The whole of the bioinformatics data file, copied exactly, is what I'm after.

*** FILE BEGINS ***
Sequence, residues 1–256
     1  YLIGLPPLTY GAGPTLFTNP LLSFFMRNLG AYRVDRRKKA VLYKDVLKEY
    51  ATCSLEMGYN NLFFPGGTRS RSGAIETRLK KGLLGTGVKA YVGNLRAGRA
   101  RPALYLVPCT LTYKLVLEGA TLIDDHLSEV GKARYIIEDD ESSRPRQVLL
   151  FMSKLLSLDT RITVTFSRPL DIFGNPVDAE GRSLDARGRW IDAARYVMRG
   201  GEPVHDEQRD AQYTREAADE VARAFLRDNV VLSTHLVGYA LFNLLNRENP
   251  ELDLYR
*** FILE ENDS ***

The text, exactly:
Sequence, residues 1–256
     1  YLIGLPPLTY GAGPTLFTNP LLSFFMRNLG AYRVDRRKKA VLYKDVLKEY
    51  ATCSLEMGYN NLFFPGGTRS RSGAIETRLK KGLLGTGVKA YVGNLRAGRA
   101  RPALYLVPCT LTYKLVLEGA TLIDDHLSEV GKARYIIEDD ESSRPRQVLL
   151  FMSKLLSLDT RITVTFSRPL DIFGNPVDAE GRSLDARGRW IDAARYVMRG
   201  GEPVHDEQRD AQYTREAADE VARAFLRDNV VLSTHLVGYA LFNLLNRENP
   251  ELDLYR